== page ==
• I took three 7-10 day trips for conferences – two to Europe, one to the west coast – between June and August,
  • I spoke at a conference in Pittsburgh the day after I returned from a 10-day trip (why, Lara, why…),
  • I’ve been running about 30 miles per week for marathon training,
  • I am raising money for a cool charity (donate here!!!!!) and creating thank you monsters for donors,
  • I crossed the one year mark at PMC and had my annual review,
  • I am considering the future of the design system, Larva, and what I need to do to secure it,
  • We kicked off the next big redesign project at work – with fewer resources for design system work than anticipated – but it’ll be fine,
  • I am planning/keeping tabs on upcoming conference travel,
  • I am balancing a full-time job with conference travel,
  • I was feeling guilty for conference travel and wondering if my design systems work is suffering because I’ve been distracted,
  • I planned to catch up with PMC folks, old friends, and new conference friends for a week in NYC between conferences – (I’ll be in travel-mode anyway, why not?),
  • I am working on a collaborative side-project, data collection app for Strange Loop,
  • I am thinking about updates for my talk for Strange Loop,
  • I was feeling sad that I couldn’t hang out more at Abstractions and that I missed so many great talks,
  • I am reviewing PRs and contributing some development for a non-profit’s website,
  • I turned down two invitations to conferences in places I really want to visit but it would be too much time away from work,
  • I am getting more emails than I used to,
  • I am learning/reading about systematic racism.

But that’s not all. Those are only the things I was actually doing, or at least partially doing. There’s a whole suite of other things that were taking up brain space – the things I want to do and, bizarrely, expected myself to be able to do:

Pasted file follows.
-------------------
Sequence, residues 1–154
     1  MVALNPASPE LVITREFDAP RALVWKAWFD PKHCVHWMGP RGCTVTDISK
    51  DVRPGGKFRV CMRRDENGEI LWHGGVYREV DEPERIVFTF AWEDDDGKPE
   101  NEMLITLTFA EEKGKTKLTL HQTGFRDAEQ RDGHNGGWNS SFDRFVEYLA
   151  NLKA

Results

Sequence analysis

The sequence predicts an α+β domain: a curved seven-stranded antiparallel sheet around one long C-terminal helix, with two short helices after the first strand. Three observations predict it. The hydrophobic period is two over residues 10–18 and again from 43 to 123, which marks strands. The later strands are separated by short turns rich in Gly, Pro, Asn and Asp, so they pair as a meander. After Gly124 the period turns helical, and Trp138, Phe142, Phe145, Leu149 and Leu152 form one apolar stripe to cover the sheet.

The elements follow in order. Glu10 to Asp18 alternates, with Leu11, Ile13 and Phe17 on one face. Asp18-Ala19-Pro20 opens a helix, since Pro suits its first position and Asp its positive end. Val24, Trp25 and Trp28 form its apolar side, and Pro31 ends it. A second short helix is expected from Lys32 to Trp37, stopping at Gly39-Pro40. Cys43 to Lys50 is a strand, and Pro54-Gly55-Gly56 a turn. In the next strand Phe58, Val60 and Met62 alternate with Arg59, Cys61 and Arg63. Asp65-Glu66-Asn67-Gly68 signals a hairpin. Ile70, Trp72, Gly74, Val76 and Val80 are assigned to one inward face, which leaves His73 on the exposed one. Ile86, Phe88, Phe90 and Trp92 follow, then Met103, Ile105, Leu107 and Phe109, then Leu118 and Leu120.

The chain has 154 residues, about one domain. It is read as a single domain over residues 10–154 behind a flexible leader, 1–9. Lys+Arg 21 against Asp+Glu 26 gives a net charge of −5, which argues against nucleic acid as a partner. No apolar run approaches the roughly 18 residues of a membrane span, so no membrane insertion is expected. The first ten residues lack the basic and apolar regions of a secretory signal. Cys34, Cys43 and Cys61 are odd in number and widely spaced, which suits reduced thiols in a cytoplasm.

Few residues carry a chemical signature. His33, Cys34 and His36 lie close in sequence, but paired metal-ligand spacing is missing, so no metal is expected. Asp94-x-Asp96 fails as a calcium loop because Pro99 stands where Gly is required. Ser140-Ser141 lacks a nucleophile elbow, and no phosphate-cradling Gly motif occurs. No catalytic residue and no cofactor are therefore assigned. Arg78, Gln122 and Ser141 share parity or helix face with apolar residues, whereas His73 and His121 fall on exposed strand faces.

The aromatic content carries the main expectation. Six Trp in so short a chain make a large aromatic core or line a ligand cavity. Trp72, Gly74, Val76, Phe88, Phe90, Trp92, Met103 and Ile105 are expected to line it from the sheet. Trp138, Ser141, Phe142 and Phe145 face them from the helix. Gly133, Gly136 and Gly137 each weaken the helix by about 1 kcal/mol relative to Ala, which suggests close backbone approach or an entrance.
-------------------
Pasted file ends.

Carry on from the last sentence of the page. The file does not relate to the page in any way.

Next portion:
• I want to write an ever-overdue Designgineering Chronicles post,
  • I want to start an email newsletter as an alternative to Twitter for keeping in touch with all the cool people I met at conferences who liked my talk,
  • I want to write blog posts regularly about things I am learning and the interesting thoughts I have since I don’t want to tweet them,
  • I want to write comics and create and share monsters,
  • I want to make a repository of CSS algorithms,
  • I want to open source a CSS testing suite,
  • I want to contribute to CSSWG threads,
  • I want to teach a workshop on writing CSS algorithms,
  • I want to to try out an idea for testing patterns in the design system,
  • I want to document the design system,
  • I want to write more tests for CSS algorithms in the system
  • I want to finish the blog series on testing CSS algorithms
  • I want to write posts for CSS-Tricks and other publications,
  • I want to finish writing blog posts for my talk,
  • I want to write a book,
  • I want to learn more about programming languages,
  • I want to experiment with the Tessel 2 that I got from a very cool Nodebots workshop at JSConf,
  • I want to start making art and doing game design again,
  • I want to start an “Anti-racism Conversation Group” in my neighborhood,
  • I want to do get involved with local politics and community organizations,
  • I want to figure out a system for reading the news that isn’t too overwhelming or biased but will keep me up to date so I can spot interesting trends,
  • I want to volunteer at the library,
  • I want to volunteer with TEALS,
  • I want to start a Write/Speak/Code chater in Pittsburgh,
  • I want to start a Design Systems meetup chapter in Pittsburgh,
  • I want to help re-start the Refresh meetup in Pittsburgh,
  • I want to go on dates and make new friends.

Where did all of this come from?? Nobody can do all of these things!!! Obviously, I had a breakdown! Now is where my tone in this post becomes exasperated.

So, knowing that this is OF COURSE TOO MANY THINGS and that “speaking at conferences” is WAY more than one thing, I still hear this back and forth in my mind:

Critical Voice: “But, Lara, other people do this much stuff, why can’t you….?”

Me: “Okay…um…WHAT OTHER PEOPLE?!!”

Critical Voice: “Well, people like {PERSON I FOLLOW ON TWITTER #1}, {PERSON I FOLLOW ON TWITTER #2}, {PERSON I FOLLOW ON TWITTER #3}, {PERSON I FOLLOW ON TWITTER #4}, {PERSON I FOLLOW ON TWITTER #5}, of course! And some of them even have kids and do all of this stuff! Don’t you look up to them? Don’t you want to be like them?”